The Difficulty of Disclosure
Living with HIV poses a variety of challenges. For many HIV-positive adolescents and young adults, the most difficult of these is not being able to disclose their status, Amy Leonard and colleagues reported in Perspectives in 2010. To explore barriers to preventing secondary HIV infection, the authors interviewed both youth and their providers, and found that stigma was a prominent concern among teens. As one pediatrician noted, HIV is “not like cancer, [where] at the convenience store there’s a picture of the child and they’re collecting donations.”
One young woman reported that a boyfriend had wanted to marry her until she revealed her status, at which point “he walked away.” Although few youth volunteered such negative disclosure stories, many said the prospect of rejection and gossip had caused substantial worry (“I thought I was sick,” one young woman said about the day she disclosed her status) or prevented them from revealing their status at all. This reluctance could be an impediment to the development of fulfilling romantic relationships, the researchers noted, as well as to consistent condom use. Other findings included the following:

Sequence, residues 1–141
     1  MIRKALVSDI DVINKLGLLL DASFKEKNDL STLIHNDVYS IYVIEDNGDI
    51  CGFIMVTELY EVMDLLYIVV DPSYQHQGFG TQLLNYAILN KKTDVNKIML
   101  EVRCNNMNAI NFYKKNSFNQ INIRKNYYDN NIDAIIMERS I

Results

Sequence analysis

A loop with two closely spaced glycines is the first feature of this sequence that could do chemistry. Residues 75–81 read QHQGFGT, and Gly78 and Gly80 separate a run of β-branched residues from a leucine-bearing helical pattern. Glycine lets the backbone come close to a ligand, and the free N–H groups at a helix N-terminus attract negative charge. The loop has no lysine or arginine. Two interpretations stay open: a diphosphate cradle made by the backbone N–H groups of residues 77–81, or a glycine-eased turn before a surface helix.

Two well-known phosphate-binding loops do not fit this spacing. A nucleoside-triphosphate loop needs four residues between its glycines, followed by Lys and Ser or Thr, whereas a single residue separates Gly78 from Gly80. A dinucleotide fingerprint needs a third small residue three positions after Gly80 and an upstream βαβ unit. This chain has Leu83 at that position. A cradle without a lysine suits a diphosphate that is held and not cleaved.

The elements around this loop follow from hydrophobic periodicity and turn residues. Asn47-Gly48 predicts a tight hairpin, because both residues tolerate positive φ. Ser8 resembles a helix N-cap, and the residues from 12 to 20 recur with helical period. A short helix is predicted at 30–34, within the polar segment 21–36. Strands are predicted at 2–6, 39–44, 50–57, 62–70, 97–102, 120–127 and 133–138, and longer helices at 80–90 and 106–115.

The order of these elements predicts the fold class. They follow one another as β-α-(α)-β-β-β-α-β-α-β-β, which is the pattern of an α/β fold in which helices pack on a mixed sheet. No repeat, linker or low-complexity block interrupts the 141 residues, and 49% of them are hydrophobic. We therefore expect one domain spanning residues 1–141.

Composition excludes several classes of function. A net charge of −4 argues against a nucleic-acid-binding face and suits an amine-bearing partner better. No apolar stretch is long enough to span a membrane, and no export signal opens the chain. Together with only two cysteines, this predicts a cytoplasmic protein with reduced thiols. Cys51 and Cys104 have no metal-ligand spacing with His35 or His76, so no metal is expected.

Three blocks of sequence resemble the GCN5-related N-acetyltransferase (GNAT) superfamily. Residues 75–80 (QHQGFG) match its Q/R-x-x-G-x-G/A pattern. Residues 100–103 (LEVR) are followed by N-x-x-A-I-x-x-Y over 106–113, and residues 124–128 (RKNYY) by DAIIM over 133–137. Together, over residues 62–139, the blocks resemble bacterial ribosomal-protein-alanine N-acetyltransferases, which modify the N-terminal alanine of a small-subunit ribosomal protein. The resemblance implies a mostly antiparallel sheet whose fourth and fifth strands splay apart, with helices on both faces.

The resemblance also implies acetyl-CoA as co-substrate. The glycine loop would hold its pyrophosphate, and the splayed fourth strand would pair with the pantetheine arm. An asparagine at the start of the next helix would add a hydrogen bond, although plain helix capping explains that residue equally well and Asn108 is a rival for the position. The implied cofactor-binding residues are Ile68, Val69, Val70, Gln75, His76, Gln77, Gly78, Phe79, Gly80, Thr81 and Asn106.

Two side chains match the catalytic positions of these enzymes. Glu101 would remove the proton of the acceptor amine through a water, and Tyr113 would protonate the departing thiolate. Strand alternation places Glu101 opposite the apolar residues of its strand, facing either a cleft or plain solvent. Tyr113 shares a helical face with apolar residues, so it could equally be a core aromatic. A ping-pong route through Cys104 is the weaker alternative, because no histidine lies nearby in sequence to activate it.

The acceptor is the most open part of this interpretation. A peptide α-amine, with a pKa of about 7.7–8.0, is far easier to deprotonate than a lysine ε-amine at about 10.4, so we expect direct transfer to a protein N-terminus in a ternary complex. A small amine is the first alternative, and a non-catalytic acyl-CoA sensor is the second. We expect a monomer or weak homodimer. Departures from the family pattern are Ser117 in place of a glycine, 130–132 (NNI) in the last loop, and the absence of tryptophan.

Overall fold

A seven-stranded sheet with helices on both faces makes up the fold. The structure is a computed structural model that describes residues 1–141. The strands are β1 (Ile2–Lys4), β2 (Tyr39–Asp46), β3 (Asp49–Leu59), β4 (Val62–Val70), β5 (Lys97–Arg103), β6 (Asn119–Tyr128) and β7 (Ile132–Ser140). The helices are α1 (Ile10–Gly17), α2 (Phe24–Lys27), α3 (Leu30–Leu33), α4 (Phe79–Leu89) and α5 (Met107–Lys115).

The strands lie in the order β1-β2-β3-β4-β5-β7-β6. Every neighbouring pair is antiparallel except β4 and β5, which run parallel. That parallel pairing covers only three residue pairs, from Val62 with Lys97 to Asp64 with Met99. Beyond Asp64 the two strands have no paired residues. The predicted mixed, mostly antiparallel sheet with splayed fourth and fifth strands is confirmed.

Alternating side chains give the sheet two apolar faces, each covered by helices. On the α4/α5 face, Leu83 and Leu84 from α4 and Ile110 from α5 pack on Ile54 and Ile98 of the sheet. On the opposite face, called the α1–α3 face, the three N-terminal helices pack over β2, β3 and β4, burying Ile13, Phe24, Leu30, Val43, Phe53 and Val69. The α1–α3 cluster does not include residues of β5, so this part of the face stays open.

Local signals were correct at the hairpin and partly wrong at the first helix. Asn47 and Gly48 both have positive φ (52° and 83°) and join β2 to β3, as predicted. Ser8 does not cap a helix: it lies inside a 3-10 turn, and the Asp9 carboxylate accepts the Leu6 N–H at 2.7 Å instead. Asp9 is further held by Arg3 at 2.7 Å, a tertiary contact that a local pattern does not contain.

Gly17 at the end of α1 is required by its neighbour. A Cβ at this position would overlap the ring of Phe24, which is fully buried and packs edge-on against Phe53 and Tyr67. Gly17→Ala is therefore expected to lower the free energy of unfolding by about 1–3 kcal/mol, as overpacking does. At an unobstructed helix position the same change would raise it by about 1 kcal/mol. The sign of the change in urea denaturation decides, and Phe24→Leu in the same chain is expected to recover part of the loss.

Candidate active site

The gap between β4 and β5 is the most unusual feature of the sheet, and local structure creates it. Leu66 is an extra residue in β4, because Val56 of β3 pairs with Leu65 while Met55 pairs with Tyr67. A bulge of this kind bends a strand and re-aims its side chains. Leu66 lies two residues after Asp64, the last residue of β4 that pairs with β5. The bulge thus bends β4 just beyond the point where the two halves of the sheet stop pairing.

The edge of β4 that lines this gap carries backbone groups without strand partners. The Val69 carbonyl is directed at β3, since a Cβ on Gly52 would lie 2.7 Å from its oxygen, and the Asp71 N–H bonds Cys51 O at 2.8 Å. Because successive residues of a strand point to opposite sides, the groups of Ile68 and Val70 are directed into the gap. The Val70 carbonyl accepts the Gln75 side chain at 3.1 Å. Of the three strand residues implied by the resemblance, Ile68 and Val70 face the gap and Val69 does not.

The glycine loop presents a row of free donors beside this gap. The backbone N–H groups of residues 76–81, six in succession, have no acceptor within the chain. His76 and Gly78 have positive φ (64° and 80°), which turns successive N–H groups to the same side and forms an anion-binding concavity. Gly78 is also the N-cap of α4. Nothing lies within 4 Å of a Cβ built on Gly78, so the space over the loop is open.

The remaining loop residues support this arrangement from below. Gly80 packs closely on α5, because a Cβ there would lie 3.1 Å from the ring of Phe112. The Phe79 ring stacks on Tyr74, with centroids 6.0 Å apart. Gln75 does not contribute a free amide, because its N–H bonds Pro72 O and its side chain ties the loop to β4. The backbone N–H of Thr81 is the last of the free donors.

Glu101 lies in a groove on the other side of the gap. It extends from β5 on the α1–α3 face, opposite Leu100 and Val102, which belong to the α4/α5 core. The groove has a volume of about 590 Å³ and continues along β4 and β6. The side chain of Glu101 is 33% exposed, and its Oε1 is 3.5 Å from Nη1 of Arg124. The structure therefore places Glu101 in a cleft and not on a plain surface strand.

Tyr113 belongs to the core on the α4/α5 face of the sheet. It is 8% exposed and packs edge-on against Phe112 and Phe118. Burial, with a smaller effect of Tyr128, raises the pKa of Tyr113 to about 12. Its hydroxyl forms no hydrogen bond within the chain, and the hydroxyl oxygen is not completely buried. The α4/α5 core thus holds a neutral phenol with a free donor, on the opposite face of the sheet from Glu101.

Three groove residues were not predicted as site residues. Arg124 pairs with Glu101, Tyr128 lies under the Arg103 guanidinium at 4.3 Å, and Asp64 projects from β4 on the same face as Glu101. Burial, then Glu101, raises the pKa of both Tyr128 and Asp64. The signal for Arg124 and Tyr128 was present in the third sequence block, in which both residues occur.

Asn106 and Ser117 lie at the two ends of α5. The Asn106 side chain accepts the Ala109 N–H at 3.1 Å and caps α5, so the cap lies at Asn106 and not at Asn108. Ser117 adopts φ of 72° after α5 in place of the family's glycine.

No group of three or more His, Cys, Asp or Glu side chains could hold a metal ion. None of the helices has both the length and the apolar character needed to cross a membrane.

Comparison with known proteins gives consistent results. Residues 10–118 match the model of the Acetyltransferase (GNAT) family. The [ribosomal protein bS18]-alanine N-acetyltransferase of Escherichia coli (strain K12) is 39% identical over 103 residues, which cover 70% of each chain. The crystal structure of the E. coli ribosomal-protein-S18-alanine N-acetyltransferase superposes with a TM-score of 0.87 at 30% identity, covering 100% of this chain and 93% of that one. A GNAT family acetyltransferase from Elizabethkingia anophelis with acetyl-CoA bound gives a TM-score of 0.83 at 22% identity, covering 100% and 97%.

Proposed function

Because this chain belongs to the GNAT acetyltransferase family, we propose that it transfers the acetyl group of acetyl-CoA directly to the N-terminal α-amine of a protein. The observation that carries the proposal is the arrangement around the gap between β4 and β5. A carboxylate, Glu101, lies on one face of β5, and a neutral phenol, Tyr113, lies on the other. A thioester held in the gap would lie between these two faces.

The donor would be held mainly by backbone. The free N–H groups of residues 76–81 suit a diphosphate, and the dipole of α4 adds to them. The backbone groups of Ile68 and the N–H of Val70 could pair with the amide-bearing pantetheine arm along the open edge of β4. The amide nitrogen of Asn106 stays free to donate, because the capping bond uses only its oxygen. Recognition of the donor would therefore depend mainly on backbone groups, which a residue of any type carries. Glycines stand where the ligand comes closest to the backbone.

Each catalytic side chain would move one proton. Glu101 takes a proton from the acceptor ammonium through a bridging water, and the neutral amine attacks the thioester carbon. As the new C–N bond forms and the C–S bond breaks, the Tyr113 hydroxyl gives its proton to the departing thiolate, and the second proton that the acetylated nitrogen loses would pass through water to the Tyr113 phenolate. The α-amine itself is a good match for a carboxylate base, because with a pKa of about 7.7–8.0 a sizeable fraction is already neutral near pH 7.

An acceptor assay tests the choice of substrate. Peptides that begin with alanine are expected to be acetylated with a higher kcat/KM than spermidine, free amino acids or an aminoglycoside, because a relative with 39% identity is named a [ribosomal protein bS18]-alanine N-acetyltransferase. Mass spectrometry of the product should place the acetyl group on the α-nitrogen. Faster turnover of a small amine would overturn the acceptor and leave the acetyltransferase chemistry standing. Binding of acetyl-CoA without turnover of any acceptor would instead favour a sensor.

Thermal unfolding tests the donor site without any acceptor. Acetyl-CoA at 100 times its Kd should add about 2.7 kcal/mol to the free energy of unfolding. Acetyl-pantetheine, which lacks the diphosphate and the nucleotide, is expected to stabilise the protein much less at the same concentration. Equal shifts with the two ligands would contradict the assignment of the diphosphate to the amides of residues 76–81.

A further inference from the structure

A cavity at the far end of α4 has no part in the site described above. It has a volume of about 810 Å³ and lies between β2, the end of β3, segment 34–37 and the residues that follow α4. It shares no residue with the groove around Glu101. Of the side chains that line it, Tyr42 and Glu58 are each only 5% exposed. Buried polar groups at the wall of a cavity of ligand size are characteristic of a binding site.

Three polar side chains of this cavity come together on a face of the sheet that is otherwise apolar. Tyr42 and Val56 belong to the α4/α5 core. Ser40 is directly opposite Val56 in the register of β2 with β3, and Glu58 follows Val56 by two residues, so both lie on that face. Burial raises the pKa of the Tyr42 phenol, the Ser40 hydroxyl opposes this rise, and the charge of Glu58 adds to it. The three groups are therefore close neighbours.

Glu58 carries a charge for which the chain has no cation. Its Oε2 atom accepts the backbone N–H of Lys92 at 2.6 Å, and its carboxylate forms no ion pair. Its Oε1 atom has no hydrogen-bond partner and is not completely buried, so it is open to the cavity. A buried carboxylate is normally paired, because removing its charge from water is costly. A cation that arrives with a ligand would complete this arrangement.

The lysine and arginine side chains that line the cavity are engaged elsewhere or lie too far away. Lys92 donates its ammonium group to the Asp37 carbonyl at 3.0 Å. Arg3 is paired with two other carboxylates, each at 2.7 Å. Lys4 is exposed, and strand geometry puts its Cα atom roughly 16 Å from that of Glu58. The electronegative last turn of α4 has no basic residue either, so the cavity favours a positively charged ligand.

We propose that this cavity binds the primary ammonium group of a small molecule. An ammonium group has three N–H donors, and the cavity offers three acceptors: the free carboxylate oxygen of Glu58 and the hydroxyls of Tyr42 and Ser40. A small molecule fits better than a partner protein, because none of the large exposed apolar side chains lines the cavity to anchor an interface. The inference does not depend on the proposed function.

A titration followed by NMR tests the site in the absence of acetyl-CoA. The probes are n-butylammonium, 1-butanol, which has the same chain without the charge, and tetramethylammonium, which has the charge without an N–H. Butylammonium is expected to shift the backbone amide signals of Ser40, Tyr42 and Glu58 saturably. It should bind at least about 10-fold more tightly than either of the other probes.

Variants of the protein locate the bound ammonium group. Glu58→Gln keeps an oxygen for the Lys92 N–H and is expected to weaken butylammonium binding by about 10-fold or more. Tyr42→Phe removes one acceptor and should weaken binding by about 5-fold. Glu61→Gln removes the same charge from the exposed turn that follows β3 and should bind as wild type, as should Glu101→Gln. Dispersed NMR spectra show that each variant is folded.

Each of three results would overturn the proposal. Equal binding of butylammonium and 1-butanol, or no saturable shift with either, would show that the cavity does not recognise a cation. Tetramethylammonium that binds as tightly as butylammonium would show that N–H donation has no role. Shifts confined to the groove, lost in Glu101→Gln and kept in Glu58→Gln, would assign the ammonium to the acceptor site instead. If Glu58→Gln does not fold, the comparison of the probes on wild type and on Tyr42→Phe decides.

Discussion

• Among youth who discussed condom use, half said it would be okay to have sex with an HIV-negative partner if they used a condom, and one-fourth felt it would be acceptable to have unprotected sex with an uninfected partner as long as they disclosed their status beforehand.
• Most of the youth said that dating would be easier if the other person also had HIV. However, few seemed concerned about the risk of becoming infected with a different strain of the virus.
• Providers cited several strategies for encouraging HIV-positive youth to use condoms, including discussing the risks of other STDs, pregnancy and reinfection. Many recommended condom demonstrations. “Let them blow them up and play with them,” one provider suggested. “[Help them] see what they are and understand the importance of them.”